This is an example of language framing. Language framing uses words and phrases to direct attention to a point of view to advance a vested interest.
In this case the use of the phrase “honest and denial free” in the context of physician reporting imparts associative meaning to the reader.
As denial is a recurring motif and cardinal attribute of physician addiction according to the paradigm, the connotation is that the reports by physicians may have been influenced by dishonesty and denial while face-to-face interviews done by “trained” interviewers were not.
“Framing” is another propaganda technique designed to tell the audience how to interpret the information given through context. The message here is that the somewhat less lifetime prevalence of substance abuse and addiction in physicians found by anonymous mail survey may be underreported as a result of both methodology and denial.
But in actual fact there is a large body of research regarding “social desirability bias” that shows the converse to be true.
Principles of Addiction Medicine devotes a chapter to Physician Health Programs. Written by Paul Earley, M.D., FASAM,1 Earley states that the lifetime prevalence of substance abuse or addiction in physicians found by Hughes2 is “somewhat less than the percentage in the general population reported by Kessler” of 14.6%.3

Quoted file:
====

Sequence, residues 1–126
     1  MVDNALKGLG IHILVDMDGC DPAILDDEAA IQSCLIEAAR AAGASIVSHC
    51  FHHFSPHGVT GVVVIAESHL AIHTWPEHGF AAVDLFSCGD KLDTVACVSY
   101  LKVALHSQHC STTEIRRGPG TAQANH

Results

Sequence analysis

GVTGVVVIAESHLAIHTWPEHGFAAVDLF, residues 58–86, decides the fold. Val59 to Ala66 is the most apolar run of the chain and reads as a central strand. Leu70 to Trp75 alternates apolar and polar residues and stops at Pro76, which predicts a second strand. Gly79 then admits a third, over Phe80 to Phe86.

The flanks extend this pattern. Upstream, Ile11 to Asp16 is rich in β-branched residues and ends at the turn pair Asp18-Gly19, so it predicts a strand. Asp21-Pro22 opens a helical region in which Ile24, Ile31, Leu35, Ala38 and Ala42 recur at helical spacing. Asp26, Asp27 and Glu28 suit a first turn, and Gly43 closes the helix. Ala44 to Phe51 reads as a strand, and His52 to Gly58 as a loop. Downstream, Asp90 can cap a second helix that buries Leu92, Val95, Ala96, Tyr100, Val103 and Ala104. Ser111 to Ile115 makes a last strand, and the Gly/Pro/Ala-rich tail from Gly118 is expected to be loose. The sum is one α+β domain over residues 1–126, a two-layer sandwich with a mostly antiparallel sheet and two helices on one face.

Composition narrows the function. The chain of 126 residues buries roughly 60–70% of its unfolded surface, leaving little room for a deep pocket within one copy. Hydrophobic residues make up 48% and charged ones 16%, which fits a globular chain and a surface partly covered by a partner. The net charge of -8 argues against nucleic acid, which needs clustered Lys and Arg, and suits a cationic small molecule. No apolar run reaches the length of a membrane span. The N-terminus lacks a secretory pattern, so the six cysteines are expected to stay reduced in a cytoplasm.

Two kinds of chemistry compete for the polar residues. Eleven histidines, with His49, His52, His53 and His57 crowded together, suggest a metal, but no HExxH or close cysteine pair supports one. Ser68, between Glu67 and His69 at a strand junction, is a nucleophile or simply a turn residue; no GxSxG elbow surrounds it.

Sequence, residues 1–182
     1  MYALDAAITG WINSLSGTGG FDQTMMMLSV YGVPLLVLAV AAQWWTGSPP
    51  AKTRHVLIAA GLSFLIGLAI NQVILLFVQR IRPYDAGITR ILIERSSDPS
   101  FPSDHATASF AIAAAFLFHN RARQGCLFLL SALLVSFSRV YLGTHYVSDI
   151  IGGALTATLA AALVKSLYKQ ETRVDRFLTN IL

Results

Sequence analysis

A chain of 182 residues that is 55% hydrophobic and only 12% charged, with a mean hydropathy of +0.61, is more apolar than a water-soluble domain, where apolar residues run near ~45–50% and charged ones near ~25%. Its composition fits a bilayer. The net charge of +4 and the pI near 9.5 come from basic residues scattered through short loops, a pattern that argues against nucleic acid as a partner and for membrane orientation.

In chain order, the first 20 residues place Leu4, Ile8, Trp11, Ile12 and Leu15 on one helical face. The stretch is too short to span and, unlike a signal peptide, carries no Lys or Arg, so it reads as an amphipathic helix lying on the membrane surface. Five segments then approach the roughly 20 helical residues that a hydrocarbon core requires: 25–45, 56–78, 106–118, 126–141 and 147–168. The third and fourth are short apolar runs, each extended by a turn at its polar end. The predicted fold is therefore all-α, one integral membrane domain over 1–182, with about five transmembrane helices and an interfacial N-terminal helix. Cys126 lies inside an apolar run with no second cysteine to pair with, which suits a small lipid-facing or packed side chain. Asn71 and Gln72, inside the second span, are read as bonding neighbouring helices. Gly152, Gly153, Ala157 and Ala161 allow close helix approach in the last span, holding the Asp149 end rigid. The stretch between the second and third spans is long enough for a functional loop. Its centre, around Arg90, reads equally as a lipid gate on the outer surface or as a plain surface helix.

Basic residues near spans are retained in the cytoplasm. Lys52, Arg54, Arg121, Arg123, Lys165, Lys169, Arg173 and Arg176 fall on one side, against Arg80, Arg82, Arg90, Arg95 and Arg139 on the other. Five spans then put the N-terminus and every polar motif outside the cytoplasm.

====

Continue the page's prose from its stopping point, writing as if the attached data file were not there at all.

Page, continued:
Although he specifies the numerical percentage “in physicians at 7.9%,”3 he avoids the use of numbers (14.6%) in the general population. He instead uses the qualifier “somewhat less.” Why is this?
My guess is because it understates the statistical fact that the prevalence found by Kessler in the general population was almost twice that found by Hughes in physicians.
You see, “Somewhat less” is a “detensifier.” It creates an impression of a small disparity between doctors and the general population.
In propaganda this is what is known as a “weasel phrase.” Weasel phrases are used to obfuscate the…
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